The phenomenal success of He Ma’s The Tibet Code (《藏地密码》, 何马著)—reportedly over 3m volumes sold—has spawned a host of thrillers and mysteries driven by a similar fascination with Tibetan history, religion and relics. The popular 3-volume Tibetan Mastiff (藏獒) by Yang Zhijun (杨治军), now an animated film co-produced by a Sino-Japanese partnership, is just one example.
But Tibet is certainly not the only area of the People’s Republic rich in non-Han culture and history with strong
potential for such fiction. Two novels by former journalist Jueluo Kanglin (觉罗康林), including the newly launched 罗布泊秘境 (literally, The Mysterious Realm of Lop Nur), are bound to raise Xinjiang’s profile among aficionados of the “exploration thriller” genre.
As a site engendering curiosity and even fascination, Lop Nur’s credentials are impeccable and ancient: archaeologists unearthed the (controversial) Tarim mummies along the lake (Lop Nur means “Lop lake”); explorers such as Marco Polo, Ferdinand von Richthofen, Nikolai Przhevalsky, Sven Hedin and Aurel Stein all set foot in the area; and more recently, Chinese scientist Peng Jiamu disappeared there (1980), and Chinese explorer Yu Chunshun died trying to walk across Lop Nur (1996).
In a recent interview about his new novel (锡伯族作家), Jueluo Kanglin mentioned several international explorers and others such as Japan’s Zuicho Tachibana and France’s Pierre Gabriel Édouard Bonvalot, but the author did not detail which aspects of the Lop Nur “legend” he delves into in his novel.
Unlike He Ma and Yang Zhijun who are Han writing about Tibet, Jueluo Kanglin, the author of The Mysterious Realm of Lop Nur and Curse of Kanas Lake, is a member of the Xibe ethnicity born in Xinjiang’s Yili, and reportedly speaks Xibe as well as several Turkic languages, including Uyghur, Kazakh and Kyrgyz.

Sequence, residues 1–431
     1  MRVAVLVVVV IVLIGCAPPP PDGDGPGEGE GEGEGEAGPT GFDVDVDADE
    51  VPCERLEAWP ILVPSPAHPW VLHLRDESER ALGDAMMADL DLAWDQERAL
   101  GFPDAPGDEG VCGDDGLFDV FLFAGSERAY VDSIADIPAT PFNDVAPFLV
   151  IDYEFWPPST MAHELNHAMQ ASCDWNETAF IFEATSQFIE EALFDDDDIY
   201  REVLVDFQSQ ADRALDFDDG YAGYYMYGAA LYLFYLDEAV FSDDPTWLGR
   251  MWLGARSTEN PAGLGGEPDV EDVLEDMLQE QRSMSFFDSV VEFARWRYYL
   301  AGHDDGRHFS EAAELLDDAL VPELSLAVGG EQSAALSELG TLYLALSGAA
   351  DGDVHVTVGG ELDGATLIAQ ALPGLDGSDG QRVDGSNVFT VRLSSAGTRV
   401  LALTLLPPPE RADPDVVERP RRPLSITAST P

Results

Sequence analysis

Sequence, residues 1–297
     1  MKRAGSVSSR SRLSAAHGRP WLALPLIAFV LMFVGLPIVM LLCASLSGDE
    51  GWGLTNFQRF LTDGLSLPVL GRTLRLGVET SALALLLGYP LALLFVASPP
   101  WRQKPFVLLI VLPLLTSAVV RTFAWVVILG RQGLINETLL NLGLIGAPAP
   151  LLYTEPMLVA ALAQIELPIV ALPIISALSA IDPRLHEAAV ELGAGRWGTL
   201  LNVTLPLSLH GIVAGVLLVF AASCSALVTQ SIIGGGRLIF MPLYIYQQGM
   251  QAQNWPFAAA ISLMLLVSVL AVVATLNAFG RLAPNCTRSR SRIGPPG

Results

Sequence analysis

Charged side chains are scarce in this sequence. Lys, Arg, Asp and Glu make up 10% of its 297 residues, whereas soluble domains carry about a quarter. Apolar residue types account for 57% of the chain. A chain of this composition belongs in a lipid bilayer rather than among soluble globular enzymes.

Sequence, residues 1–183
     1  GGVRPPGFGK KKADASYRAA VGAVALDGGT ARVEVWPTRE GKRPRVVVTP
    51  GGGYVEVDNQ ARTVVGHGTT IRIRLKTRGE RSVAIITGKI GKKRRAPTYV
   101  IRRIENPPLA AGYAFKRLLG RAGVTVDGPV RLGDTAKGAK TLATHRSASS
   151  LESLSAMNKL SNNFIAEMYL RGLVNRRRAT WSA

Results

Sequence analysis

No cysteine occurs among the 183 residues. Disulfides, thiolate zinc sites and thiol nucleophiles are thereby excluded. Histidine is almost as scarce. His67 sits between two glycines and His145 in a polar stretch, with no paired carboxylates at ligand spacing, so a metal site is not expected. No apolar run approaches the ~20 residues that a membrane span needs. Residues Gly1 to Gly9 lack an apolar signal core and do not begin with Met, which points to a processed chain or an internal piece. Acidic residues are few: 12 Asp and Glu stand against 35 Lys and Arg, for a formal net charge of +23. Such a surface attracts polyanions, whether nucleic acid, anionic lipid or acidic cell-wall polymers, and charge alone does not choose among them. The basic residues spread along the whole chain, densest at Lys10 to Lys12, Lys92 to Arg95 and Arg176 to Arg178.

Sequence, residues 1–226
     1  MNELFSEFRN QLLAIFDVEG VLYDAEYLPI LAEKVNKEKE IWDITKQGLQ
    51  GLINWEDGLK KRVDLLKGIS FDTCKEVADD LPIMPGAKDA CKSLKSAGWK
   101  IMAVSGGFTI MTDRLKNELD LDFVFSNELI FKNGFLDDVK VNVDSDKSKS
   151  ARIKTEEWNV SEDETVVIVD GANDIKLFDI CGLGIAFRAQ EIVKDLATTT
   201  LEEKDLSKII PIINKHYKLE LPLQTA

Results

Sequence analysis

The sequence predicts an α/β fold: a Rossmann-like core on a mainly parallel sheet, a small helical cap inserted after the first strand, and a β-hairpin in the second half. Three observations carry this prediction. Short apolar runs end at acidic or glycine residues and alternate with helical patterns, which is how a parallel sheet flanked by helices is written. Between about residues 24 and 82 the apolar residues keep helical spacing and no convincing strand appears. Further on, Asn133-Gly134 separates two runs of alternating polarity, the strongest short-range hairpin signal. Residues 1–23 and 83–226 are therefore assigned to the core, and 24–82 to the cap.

The Xibe’s roots lie in the Nonni and Songhua river valleys in central Manchuria, but in 1764 they were garrisoned by Qing Emperor Qianlong in newly conquered areas of then eastern Turkestan (today’s Xinjiang) to guard the new border. The Xibe spoke a Tungusic tongue which is a dialect of Manchu, and it is still a living if endangered language (see Language of Exile).
Curse of Kanas Lake (喀纳斯湖咒), published in 2012, highlights legends of the Tuvan people surrounding this beautiful lake (now a preserve) which is located in Altay Prefecture where Xinjiang borders on Kazakhstan, Mongolia and Russia.
The tale takes place in modern Kanas. A petroglyph uncovered by a flood is taken away by an anthropologist—ostensibly for research—but eventually treated as a money-making oddity that is exhibited in a museum. But the local elders are very disturbed by this, and the Shamaness believes that the slab is inhabited by the spirit of an ancient folk hero. Removing the stone slab from its natural environment disturbs the natural order of things, and presages a series of disasters.